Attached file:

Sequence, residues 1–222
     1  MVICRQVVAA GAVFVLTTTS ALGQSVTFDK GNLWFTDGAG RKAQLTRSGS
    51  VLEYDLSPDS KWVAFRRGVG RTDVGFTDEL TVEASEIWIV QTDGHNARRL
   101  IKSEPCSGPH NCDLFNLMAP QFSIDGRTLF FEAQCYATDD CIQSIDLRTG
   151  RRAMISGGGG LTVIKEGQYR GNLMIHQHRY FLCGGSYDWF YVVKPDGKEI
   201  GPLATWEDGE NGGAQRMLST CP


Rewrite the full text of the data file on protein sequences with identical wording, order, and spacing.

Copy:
Sequence, residues 1–222
     1  MVICRQVVAA GAVFVLTTTS ALGQSVTFDK GNLWFTDGAG RKAQLTRSGS
    51  VLEYDLSPDS KWVAFRRGVG RTDVGFTDEL TVEASEIWIV QTDGHNARRL
   101  IKSEPCSGPH NCDLFNLMAP QFSIDGRTLF FEAQCYATDD CIQSIDLRTG
   151  RRAMISGGGG LTVIKEGQYR GNLMIHQHRY FLCGGSYDWF YVVKPDGKEI
   201  GPLATWEDGE NGGAQRMLST CP